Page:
It’s a cycle. Conspiracy theories tend to beget more conspiracy theories. It acts in the same manner as gossip. And we tend to drum up these stories in order to process the information we get from various sources, especially media.
Why we find an irresistible affinity to listen to and create conspiracy theories is a question that researchers wanted to dig deeper on.
Joseph Uscinski, a political scientist at the University of Miami, cataloged and coded more than 100,000 letters to the editor published in The New York Times and the Chicago Tribune, and found the number of letters alleging and discussing conspiracy theories to have been pretty consistent over the last 120 years.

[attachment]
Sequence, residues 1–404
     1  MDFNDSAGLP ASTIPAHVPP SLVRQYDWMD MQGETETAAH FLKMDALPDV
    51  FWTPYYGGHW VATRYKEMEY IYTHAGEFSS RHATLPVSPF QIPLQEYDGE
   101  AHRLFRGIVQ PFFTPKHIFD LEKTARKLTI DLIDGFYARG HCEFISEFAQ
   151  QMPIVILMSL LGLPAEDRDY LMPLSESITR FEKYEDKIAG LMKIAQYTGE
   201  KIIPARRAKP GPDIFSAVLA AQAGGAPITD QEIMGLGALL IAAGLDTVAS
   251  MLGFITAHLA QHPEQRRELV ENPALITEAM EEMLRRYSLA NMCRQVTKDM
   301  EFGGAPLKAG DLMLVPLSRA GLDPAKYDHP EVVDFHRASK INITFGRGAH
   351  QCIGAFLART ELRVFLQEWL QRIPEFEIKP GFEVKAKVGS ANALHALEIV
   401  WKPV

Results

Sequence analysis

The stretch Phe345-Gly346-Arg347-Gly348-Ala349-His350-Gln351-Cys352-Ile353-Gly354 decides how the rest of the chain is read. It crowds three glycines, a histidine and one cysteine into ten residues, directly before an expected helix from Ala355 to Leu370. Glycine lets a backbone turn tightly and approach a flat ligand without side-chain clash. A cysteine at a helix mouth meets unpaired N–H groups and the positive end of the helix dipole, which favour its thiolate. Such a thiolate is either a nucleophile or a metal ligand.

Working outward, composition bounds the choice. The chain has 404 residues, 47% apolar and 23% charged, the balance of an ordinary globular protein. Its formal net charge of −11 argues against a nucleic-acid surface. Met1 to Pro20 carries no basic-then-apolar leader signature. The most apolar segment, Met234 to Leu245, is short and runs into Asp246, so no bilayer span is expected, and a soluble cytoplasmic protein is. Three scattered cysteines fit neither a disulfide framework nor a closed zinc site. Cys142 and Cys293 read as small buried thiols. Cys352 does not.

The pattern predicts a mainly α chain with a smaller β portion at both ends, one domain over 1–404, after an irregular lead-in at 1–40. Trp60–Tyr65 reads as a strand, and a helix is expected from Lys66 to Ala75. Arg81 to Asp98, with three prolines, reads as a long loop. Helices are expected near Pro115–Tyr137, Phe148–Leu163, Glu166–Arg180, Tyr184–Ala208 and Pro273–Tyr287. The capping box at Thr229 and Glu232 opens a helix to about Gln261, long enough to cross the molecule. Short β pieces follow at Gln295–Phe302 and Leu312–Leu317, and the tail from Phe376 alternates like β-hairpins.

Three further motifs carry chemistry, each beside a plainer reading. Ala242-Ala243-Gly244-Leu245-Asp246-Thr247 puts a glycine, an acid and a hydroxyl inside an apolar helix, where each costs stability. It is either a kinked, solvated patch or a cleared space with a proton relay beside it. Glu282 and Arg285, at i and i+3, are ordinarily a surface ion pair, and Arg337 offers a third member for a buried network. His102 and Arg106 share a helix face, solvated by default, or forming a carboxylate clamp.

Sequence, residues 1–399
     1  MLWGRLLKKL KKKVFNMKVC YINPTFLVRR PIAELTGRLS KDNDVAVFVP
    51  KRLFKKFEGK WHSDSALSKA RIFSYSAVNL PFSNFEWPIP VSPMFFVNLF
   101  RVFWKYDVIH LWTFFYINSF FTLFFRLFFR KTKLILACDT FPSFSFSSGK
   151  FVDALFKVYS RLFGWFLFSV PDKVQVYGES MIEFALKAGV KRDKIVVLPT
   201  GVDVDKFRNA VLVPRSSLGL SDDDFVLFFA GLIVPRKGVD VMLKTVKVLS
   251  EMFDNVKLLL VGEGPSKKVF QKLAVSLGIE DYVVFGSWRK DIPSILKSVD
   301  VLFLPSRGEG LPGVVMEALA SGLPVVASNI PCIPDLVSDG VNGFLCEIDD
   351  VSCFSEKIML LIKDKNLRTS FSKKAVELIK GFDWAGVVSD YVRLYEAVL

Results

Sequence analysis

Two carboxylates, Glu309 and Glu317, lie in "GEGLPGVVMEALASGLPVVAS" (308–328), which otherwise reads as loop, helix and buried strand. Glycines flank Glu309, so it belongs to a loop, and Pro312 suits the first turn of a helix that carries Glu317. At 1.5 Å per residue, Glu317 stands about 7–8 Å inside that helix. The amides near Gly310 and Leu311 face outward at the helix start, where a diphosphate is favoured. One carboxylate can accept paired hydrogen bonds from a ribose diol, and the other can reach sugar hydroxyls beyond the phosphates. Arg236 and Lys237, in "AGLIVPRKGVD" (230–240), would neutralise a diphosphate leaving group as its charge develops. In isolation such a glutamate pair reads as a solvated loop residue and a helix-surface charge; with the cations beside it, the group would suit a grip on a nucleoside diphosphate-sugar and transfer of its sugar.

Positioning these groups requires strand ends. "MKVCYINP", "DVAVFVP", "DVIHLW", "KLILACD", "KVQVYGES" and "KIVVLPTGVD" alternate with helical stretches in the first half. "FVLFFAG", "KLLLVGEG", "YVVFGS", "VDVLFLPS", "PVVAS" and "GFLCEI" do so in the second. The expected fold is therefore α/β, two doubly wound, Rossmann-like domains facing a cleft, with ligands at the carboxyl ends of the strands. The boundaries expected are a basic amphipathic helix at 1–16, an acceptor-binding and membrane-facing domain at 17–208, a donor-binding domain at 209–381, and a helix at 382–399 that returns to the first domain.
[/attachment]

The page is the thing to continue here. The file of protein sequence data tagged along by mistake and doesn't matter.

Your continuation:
We try to find an explanation to the events that happen around us and being unconvinced, we turn to making vague connections about the details we hear in a certain story.
Why we love concocting half-baked stories with only a shred of truth and facts embellished with fantasies is a curious thing. And even if we could stop them from spreading, scientists think we wouldn’t.
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